Locations > LG Health Physicians > Sports Medicine > Sports Medicine > Services > Platelet-Rich Plasma (PRP) Therapy
Platelet-Rich Plasma (PRP) Therapy
A non-surgical approach to pain relief
Platelet-Rich Plasma (PRP) therapy, an advanced, non-surgical technique, uses your own blood to treat acute, chronic or long-term pain resulting from osteoarthritis, tendon, ligament, or cartilage injuries.
What is PRP therapy?
PRP therapy uses the platelets in your own blood to help damaged tissue to heal. Platelets contain proteins known as growth factors, which help stimulate and support repair of tendons, ligaments and cartilage. The plasma used for PRP has five to ten times more platelets than ordinary plasma.
Who is a good candidate for PRP?
You may be an ideal candidate for PRP if you are between the ages of 18 and 65 and have pain from mild osteoarthritis or a soft tissue injury. Areas treated include:
Ankle/heel (Achilles tendon)
Elbow (tennis elbow/tendonitis)
Hip (sacroiliac joint inflammation; osteoarthritis)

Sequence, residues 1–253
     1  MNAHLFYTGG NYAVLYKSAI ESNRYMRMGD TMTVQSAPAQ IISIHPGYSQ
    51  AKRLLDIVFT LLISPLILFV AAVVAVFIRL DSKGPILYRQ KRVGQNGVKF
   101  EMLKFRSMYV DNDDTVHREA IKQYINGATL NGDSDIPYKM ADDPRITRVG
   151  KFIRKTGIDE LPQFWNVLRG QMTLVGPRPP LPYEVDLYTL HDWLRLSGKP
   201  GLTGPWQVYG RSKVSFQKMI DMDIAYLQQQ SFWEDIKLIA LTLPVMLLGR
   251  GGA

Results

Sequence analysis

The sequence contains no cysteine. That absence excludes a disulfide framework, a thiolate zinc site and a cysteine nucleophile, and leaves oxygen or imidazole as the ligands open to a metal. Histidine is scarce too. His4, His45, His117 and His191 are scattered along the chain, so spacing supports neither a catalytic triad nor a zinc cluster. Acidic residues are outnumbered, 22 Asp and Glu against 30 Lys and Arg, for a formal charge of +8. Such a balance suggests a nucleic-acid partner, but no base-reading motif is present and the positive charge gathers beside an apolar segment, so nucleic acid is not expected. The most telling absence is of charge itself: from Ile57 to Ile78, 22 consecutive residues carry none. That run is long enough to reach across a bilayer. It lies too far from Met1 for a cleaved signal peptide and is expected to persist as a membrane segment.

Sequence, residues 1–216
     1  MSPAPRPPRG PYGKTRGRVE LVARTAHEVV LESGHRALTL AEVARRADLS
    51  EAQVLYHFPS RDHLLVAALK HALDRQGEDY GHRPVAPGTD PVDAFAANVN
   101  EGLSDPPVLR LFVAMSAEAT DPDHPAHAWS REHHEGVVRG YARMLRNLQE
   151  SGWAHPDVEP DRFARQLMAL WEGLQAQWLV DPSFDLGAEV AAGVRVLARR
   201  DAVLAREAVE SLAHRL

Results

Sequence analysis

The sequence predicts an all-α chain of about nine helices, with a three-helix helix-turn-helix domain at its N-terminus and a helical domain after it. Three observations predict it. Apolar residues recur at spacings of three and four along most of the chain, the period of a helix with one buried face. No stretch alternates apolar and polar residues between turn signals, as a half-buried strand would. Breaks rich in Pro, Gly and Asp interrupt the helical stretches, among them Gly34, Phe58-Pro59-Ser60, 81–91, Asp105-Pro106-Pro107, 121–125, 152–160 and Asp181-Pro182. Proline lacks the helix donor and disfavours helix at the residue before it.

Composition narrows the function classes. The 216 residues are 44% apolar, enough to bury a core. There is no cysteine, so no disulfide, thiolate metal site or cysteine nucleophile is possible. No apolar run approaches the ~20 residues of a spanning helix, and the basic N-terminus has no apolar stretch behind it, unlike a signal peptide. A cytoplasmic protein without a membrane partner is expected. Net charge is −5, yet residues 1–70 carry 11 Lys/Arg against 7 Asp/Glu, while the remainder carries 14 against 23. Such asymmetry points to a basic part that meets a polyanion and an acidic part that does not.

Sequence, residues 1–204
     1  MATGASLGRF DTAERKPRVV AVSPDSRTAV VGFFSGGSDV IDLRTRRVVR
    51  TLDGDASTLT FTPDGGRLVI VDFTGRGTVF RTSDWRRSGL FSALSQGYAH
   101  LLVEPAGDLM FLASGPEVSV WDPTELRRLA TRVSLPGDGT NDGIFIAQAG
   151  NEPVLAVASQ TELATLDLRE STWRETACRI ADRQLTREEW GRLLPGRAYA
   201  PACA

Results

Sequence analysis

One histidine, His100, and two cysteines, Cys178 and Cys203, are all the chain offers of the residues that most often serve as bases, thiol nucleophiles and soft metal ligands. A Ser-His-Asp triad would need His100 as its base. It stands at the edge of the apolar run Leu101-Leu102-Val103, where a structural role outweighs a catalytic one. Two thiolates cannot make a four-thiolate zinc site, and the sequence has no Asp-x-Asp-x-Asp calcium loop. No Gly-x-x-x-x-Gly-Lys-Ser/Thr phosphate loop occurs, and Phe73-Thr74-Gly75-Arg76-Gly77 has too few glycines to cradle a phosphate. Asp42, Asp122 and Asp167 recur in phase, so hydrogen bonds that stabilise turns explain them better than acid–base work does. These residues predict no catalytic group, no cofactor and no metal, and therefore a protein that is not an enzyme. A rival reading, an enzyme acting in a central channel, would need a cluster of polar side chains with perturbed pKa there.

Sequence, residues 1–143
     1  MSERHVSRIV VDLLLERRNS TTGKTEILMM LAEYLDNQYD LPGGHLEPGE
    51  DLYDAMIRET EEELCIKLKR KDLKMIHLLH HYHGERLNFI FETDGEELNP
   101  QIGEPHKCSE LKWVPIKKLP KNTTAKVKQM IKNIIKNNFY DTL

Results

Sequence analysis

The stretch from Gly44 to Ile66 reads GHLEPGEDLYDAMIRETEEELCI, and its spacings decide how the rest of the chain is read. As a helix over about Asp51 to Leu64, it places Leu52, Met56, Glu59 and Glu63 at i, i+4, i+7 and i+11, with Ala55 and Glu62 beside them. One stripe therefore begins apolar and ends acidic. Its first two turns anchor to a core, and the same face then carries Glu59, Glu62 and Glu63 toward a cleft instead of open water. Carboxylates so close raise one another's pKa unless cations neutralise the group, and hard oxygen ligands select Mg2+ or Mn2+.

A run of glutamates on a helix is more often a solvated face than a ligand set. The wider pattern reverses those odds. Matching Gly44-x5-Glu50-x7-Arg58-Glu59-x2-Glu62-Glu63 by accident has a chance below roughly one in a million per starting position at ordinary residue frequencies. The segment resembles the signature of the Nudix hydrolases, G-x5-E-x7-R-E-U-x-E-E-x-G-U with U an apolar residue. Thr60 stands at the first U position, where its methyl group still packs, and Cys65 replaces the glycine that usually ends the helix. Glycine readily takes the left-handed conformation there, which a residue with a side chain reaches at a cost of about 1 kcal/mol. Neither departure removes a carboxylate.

Knee (jumper’s knee/inflammation of the patellar tendon; osteoarthritis)
Shoulder (rotator cuff injury; osteoarthritis)
What to expect
After an initial consultation, we will schedule your procedure to be done in our office. On the day of the procedure, we will draw some of your blood. We then take your blood and separate the platelets from the solids and other plasma. Once this is complete, we carefully inject it into the injured area using ultrasound guidance. We may also use a local anesthetic.
You may feel some pain for a few days after the injection. We advise you to rest and take it easy while you heal. Depending on your injury, we may recommend a period of physical therapy to help you regain your strength and range of motion. The number of treatments needed varies, depending on the extent of your injury and your body’s response to therapy. If you receive PRP for osteoarthritis of the knee, some patients return to normal activity 24 hours after the first treatment.
Please check with your insurance company to determine if you have coverage for PRP.